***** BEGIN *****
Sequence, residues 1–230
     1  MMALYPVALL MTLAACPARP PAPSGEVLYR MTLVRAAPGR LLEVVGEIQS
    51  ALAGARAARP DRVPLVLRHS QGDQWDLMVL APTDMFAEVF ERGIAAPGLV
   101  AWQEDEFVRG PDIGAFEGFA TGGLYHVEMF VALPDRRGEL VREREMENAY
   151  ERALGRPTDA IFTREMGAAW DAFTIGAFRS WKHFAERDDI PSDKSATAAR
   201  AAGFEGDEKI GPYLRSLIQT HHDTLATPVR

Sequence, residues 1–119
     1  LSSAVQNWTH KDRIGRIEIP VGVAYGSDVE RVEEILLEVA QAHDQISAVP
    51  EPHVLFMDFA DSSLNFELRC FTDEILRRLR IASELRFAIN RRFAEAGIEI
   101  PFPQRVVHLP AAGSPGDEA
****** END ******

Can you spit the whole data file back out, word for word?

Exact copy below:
Sequence, residues 1–230
     1  MMALYPVALL MTLAACPARP PAPSGEVLYR MTLVRAAPGR LLEVVGEIQS
    51  ALAGARAARP DRVPLVLRHS QGDQWDLMVL APTDMFAEVF ERGIAAPGLV
   101  AWQEDEFVRG PDIGAFEGFA TGGLYHVEMF VALPDRRGEL VREREMENAY
   151  ERALGRPTDA IFTREMGAAW DAFTIGAFRS WKHFAERDDI PSDKSATAAR
   201  AAGFEGDEKI GPYLRSLIQT HHDTLATPVR

Sequence, residues 1–119
     1  LSSAVQNWTH KDRIGRIEIP VGVAYGSDVE RVEEILLEVA QAHDQISAVP
    51  EPHVLFMDFA DSSLNFELRC FTDEILRRLR IASELRFAIN RRFAEAGIEI
   101  PFPQRVVHLP AAGSPGDEA